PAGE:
viii) an elongated rib extending from the top of each of the first remote puck and the second remote puck;
ix) an elongated channel extending into the bottom of each of the first and second remote pucks;
x) the elongated channel of the first and second remote pucks separately receiving the elongated rib of the base or the second or first remote puck;
xi) a primary interface formed between the primary dock of the base and the bottom of the first remote puck, or between the primary dock of the base and the bottom of the second remote puck;
xii) a secondary interface formed between the secondary dock of the first remote puck and the bottom of the second remote puck;
xiii) a tertiary interface formed between the tertiary dock of the second remote puck and the bottom of the first remote puck;
xiv) the primary, secondary and tertiary interfaces being the same so that the first remote puck can be disposed on the base with the second remote puck disposed on the first remote puck, and the second remote puck can be disposed on the base with the first remote puck disposed on the second remote puck;
t) the system having at least two configuration, including:
i) a use configuration in which:
A) the plug is capable of being coupled to the audio socket of the cellular phone; and
B) the first and second remote pucks are removed from the base and located remotely from the base; and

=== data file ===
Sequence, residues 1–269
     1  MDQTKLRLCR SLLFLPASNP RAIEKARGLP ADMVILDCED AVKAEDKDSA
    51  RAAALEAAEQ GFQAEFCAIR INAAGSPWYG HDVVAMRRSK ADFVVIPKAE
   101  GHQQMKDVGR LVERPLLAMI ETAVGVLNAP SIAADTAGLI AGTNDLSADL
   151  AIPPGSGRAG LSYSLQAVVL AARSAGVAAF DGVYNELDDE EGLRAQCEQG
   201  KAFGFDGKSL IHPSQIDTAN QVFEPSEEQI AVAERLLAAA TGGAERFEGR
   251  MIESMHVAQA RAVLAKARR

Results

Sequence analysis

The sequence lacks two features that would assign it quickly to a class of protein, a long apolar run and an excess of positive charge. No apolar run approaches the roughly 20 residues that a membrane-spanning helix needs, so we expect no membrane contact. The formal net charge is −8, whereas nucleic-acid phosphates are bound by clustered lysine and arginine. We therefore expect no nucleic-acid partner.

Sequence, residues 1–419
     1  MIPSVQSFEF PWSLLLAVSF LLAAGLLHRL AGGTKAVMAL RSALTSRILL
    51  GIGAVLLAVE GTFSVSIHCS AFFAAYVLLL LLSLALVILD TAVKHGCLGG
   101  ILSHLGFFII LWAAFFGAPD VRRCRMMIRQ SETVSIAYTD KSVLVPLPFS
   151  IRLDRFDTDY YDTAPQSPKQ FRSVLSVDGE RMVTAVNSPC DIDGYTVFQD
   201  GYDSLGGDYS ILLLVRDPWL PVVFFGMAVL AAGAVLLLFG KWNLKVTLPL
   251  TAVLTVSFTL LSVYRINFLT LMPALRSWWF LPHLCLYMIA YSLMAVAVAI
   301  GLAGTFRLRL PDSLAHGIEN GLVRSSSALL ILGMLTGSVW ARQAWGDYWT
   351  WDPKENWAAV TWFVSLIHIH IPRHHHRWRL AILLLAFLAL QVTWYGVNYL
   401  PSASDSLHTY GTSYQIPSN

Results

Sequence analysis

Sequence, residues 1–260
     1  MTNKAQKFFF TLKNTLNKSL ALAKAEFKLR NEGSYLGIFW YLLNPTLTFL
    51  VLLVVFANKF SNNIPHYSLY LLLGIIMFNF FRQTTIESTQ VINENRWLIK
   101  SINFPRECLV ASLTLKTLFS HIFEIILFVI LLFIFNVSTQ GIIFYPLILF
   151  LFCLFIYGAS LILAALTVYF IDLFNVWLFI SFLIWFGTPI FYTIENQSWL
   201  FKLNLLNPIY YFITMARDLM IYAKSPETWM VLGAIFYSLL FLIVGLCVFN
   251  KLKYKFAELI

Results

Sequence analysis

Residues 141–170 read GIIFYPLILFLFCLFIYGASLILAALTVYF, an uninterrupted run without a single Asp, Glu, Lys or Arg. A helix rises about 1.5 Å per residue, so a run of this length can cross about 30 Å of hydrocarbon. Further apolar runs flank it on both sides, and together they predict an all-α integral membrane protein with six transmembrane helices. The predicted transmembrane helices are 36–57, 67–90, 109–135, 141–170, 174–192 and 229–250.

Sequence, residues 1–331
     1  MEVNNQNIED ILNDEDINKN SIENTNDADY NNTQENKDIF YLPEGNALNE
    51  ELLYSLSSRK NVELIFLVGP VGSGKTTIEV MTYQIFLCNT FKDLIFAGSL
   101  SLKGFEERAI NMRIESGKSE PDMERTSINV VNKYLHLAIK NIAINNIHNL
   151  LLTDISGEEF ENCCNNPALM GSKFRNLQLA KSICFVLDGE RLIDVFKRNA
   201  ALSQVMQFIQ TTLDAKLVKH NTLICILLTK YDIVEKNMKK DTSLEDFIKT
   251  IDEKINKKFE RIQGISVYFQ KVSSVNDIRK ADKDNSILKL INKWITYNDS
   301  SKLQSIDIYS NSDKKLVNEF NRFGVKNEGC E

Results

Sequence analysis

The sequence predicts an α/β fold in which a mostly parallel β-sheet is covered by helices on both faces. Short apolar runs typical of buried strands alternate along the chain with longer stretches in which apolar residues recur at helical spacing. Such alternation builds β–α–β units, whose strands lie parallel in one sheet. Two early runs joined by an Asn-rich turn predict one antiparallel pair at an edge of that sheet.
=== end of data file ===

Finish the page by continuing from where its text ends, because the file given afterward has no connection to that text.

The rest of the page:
ii) a charge configuration in which:
A) the plug is uncoupled to the audio socket of the cellular phone;
B) the first remote puck is disposed on the primary dock of the base; and
C) the second remote puck is disposed on the secondary dock of the first remote puck; and
u) the base and the bodies of the first and second remote pucks being horizontally coextensive; the base and the first and second remote pucks having vertical profiles that are the same.
18. The system in accordance with claim 17, further comprising:
lateral alignment members on lateral sides of the base, and the first and second remote pucks, and aligning with one another when the first remote puck is disposed on the base, and the second remote puck is disposed on the first remote puck.
19. The system in accordance with claim 17, wherein each interface further comprises:
a) an indentation in the top of each of the base, the first remote puck and the second remote puck, surrounded by a perimeter lip extending upwardly and circumscribing the indentation;
b) a protrusion extending from the bottom of each of the first and second remote pucks; and
c) the protrusion of the first and second remote pucks removably receivable in the indentation of the base or the second or first remote puck.
20. The system in accordance with claim 17, wherein each of the base and the first and second remote pucks further comprises a magnet located to magnetically coupled the first or second remote puck to the primary dock of the base, and the first and second remote pucks.
21. The system in accordance with claim 17, further comprising:
a first remote speaker carried by the first remote puck and operatively coupled to the first transceiver; and
a second remote speaker carried by the second remote puck and operatively coupled to the second transceiver.
22. The system in accordance with claim 17, further in combination with the cellular phone having the audio socket.
US14/660,706 2015-03-17 2015-03-17 Auxiliary speaker and microphone system for cellular phone Active US9055156B1 (en)